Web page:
East Hawaii News

Christmas Tree Deliveries Delayed by Slugs and Wasps

November 23, 2012, 6:03 PM HST
* Updated November 23, 6:05 PM
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Christmas trees may be in short supply for a while as more than a third of the shipments from the Pacific Northwest have been held up by state inspectors.

State agriculture officials today said 53 of the 150 containers that have arrived so far have been held either because they contained invasive species or because of improper paperwork.

Twenty-one more more containers containing pests were eventually released to retailers because their contents had been treated or because the pests pose a low risk as they are already found in Hawaii.

Four of the 53 containers were shipped back to their place of origin at the shipper’s request. Another 49 containers are being held pending treatment.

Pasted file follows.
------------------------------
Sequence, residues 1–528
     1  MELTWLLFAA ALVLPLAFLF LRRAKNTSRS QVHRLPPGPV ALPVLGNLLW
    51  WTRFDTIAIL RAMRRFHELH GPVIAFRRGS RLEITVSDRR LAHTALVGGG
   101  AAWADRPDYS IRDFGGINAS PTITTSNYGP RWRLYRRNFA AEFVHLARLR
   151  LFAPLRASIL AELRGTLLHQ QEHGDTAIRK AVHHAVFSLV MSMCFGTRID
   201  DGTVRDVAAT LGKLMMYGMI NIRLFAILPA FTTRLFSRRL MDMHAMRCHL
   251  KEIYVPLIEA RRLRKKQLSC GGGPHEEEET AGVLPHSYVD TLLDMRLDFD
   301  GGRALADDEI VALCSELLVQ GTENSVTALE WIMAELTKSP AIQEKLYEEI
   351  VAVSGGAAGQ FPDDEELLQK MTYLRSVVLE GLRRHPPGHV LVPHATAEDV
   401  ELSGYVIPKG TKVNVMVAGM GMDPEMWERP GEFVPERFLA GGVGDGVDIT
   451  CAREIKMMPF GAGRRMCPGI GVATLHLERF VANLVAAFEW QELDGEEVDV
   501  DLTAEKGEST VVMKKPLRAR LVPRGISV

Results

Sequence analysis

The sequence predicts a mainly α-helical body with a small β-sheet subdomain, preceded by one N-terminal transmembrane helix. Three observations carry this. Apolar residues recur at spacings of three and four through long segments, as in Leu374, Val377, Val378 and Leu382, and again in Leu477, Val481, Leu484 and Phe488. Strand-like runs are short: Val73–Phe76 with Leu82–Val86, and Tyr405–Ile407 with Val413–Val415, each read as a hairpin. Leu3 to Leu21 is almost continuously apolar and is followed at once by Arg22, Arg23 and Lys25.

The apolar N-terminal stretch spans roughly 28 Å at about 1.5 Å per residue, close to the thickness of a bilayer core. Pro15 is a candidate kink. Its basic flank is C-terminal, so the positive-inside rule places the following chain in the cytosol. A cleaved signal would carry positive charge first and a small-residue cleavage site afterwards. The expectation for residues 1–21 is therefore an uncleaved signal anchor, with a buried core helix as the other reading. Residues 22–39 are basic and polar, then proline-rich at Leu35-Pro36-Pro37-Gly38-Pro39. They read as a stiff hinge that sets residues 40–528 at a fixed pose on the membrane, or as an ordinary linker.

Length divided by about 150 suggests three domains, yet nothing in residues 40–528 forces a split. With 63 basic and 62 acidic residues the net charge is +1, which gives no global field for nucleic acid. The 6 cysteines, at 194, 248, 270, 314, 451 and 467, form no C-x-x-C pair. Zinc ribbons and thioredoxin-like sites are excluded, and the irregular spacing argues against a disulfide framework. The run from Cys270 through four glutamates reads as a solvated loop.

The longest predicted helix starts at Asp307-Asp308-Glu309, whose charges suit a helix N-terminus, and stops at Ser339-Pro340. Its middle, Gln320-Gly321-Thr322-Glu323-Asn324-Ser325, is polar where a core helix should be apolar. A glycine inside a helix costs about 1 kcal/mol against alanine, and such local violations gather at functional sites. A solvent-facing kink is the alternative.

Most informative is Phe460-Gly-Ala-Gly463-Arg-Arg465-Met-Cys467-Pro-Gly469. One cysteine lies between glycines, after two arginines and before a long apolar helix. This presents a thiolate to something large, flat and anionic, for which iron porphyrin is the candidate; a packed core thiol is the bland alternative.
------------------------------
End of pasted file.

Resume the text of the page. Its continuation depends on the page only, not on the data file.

The treatment consists of shaking each tree for wasp infestations or a hot-water treatment for slug infestations. The hot-water treatment is the same used to treat plant exports for coqui frogs.

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State officials said the slug infestations are a concern because some of the slimy visitors are not found in Hawaii and also may carry the parasite that causes rat lungworm disease.

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However, it is not clear whether the parasite is found in the Pacific Northwest.

According to the Centers for Disease Control and Prevention, the rat lungworm typically occurs in warmer climates. It said “very few cases” of rat lungworm disease have been found in the continental US and the only ones cited occurred in Hawaii and Louisiana.

State officials said Christmas tree shippers are being required to provide personnel to unload, shake and reload trees under state supervision.

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The Department of Agriculture anticipates that another 100 containers will arrive in Hawaii before Christmas.

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